Friday, August 01, 2008

Landscape 154

I’ve been looking back at some early editions of Modern Painters - this posting is essentially a continuation of my earlier one describing the way Peter Fuller promoted landscape painting in the late eighties through this magazine. In a spring 1990 editorial, Fuller praised the new Tate Gallery re-hang which gave prominence to British painters like Stanley Spencer. But he was predictably disappointed that an ‘exemplary’ room dedicated to The School of London was followed by the ‘numbing, post-modern anaesthesia’ of Carl Andre, Joseph Beuys ‘and that frightfully boring woman, Agnes Martin.’ If only Fuller could have hung the final room instead with recent landscape paintings it would be possible to ‘prove that landscape painting in the 1970s and 1980s was at least comparable to that of the 1930s and 1940s.’ He doesn’t discuss this in detail but the article is illustrated with a couple of examples: Keith Grant’s Ice-Fjord, Evening, Jacobshavn (1989) and David Leverett’s Thumb Suite.
Here is a list of some of the (then) contemporary landscape painters covered by Modern Painters in its first five years or so and who might have featured in Peter Fuller’s room: Ray Atkins, David Blackburn, Maurice Cockrill, Peter Doig, Vanessa Gardiner, Ardyn Halter, Derek Hirst, Derek Hyatt, Merlin James, Alex Katz, Peter Prendergast, Len Tabner, William Tillyer, David Tress and John Virtue. Some of them have fared better than others. Anthony O’Hear wrote a review article ‘Towards a New Landscape’ in Modern Painters (Autumn 1993) which picked out Virtue and Wendy Connelly as promising younger contemporaries. A search on Wendy Connelly doesn’t turn up much, but John Virtue continues to have a high profile (his most recent London exhibition was earlier this year). An encomium by Simon Schama in 2005 strikes a slightly Fuller-ish tone: “Virtue's paintings have been made as if much of contemporary art, or rather the fashion of contemporary installation art, had never happened, or at best is a facile distraction from more solidly enduring things.”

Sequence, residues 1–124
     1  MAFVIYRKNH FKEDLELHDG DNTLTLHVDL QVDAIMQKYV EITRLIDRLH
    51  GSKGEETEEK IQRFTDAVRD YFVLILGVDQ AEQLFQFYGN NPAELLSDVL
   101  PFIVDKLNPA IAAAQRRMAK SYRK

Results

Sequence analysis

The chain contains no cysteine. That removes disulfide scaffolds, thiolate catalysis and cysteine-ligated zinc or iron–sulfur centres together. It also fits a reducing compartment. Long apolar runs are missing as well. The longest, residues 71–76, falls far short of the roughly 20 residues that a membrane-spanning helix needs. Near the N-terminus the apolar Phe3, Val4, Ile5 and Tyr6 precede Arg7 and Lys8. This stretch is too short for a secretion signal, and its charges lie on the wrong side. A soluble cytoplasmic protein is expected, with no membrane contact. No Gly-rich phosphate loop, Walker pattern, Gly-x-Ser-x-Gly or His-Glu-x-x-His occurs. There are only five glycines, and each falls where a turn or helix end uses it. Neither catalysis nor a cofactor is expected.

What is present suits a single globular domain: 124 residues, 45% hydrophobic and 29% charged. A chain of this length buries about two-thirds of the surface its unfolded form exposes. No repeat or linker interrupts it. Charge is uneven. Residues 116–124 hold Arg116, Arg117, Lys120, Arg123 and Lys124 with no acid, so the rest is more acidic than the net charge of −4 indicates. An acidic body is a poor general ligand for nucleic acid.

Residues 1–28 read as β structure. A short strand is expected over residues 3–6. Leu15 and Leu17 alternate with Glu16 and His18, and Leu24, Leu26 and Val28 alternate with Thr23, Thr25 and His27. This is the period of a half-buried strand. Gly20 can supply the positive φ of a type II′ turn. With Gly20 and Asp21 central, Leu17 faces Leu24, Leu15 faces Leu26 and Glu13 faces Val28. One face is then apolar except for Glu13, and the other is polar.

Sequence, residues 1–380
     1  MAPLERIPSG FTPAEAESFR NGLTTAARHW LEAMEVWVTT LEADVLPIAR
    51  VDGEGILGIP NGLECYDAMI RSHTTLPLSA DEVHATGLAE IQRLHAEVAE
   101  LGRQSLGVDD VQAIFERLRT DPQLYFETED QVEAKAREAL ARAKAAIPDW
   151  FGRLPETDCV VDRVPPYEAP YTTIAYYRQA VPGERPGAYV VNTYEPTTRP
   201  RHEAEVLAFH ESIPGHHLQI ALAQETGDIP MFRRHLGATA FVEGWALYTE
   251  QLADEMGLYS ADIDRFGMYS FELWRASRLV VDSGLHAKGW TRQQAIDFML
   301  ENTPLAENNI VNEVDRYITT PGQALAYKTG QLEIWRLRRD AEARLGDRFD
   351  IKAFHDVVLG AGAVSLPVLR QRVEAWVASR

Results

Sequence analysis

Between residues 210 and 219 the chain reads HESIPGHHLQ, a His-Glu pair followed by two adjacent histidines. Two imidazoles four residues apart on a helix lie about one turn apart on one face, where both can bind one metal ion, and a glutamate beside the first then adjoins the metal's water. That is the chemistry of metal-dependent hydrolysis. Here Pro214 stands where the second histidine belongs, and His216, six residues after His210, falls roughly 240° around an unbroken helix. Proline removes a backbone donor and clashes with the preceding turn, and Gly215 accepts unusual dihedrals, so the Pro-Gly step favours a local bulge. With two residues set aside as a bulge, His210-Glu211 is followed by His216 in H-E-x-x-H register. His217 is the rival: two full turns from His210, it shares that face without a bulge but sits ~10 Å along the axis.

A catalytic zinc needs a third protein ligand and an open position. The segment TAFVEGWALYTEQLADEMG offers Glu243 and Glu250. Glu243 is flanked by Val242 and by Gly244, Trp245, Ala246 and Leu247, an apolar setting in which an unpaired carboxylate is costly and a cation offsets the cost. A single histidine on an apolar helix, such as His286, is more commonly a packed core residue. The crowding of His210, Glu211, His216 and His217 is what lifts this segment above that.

There is some footage of John Virtue at the Artists on Film site and quite a few pieces on-line about the London paintings he made whilst at the National Gallery. However, a 1993 Modern Painters Adam Nicholson article interviewed him while he was still living and working in the village of South Tawton, Devon. The village is dominated by a church (for Virtue, ‘a giant stake with which the forms of the landscape are pinned in place’) and it is the church tower which recurs in his ongoing sequence of monochrome landscapes at that time: e.g. Landscape 154 (1993), Landscape 184 (1993) and Landscape 192 (1992-3). The Landscape sequence began in 1978 when, influenced by the drawings and etchings of Rembrandt, Samuel Palmer, Van Gogh and Seurat, Virtue abandoned colour and began drawing the Lancashire countryside. His 1980s works were relatively intricate, assembling fragments of landscape in grids. In 1991 he started painting more expansively on canvas, using shellac-thickened ink and not minding much if the work in progress incorporated some actual rain or soil. This evolution to a less detailed style feels like a familiar trajectory (evident for example in recent Tate exhibitions of Howard Hodgkin and Peter Doig). The Modern Painters article ends by stating what Virtue thinks his paintings are not: topographical, nostalgic, literary. He wants to convey a visceral, visionary, visual response to landscape.

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